Now I wouldn’t necessarily call myself a lazy cook, it’s just that there are some things that I believe life is too short for. And one of those is definitely peeling the paper-thin layers off a tiny clove of garlic. In fact, I would say it ranks up there in my top ten list of annoying wastes of time, alongside waiting for the kettle to boil and washing my hair.
The problem with the aggravating peeling of the paper-thin layers, is that it always leads some helpful chum offering advice as to the best way of achieving a peeled clove. Suggestions include bashing the clove with the flat of a knife (ends up with bruised heels of hands), microwaving before peeling (stinks the microwave and doesn’t work) or soaking in water (wet mess).
And as for the alternatives, the garlic is either mixed up with a strong flavoured oil or vinegar that distracts from the authentic taste of garlic, or you have to opt for a dry version, and the minute that goes stale it’s curtains.
Luckily, one of our favourite budget supermarkets Lidl have now realised that the peeling problem was getting up foodies’ backs, and have revealed their solution, the enormous single-headed garlic clove.
Dubbed the ‘lazy garlic’, but we think a more appropriate term would be the ‘clever clove’, the huge garlic is found growing naturally in the foothills of the Himalayas, and was discovered by organic farmers. The garlic is as big as a small onion, around two inches in diameter,and as such, can be peeled and chopped up just like one. From the outside it looks like a normal garlic, but once you peel it, it reveals the single clove that makes every cooks’ life a lot easier.
This is the first time that this enormous garlic is available to British customers, and as far as we know, Lidl are the UK’s only importer of the huge clove.
The way the garlic normally grows is that one single garlic seed is planted and then is triggered into forming multiple cloves by the cold weather. However, in the Himalaylas, the temperature does not fall enough to trigger this reaction in the seed, hence the single and larger clove.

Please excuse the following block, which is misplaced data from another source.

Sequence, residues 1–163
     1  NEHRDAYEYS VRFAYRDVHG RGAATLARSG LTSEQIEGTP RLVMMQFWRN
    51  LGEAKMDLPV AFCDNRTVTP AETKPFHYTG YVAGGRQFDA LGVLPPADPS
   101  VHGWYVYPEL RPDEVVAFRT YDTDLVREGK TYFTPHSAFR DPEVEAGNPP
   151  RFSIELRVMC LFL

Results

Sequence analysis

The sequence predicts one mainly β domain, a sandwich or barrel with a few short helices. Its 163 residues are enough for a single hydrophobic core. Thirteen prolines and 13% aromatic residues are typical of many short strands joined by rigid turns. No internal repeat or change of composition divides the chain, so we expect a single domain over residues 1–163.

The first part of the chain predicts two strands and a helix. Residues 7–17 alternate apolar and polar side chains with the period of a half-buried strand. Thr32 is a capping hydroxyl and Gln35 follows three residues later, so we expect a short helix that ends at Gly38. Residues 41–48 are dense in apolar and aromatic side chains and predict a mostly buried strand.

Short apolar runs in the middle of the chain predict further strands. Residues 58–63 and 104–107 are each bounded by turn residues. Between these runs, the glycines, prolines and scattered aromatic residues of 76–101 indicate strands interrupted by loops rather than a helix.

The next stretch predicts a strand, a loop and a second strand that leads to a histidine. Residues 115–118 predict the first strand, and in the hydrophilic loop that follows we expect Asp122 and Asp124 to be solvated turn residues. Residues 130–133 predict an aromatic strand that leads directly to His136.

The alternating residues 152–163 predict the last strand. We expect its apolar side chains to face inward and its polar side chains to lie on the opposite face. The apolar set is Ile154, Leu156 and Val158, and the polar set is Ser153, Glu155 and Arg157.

As the garlic is larger it is also more fragrant and milder than the smaller and multiple cloved versions.
A spokesman for Lidl said: ‘”The single clove garlic originates from the mountainous area of the Yunnan province in the far south-west of China. The seeds are planted approximately 2,000 metres above sea level in warm temperatures and with a large amount of sunlight. Only 50 per cent of the garlic seeds that are planted in these specific conditions will develop into a single clove garlic.”
And the spokesman advised that the single clove was not a different kind of garlic, it’s the way it’s grown that makes the difference: “This isn’t a species – rather it is the conditions under which the seeds are cultivated that result in a single clove garlic.,” he added: “A single clove garlic has a high nutrition content, but it is also popular in cooking due to its slightly milder flavour compared with multi-clove garlic. The feedback from our customers has been very encouraging although we have had to advise some of them about what to do with it.”
We think it’s the future!
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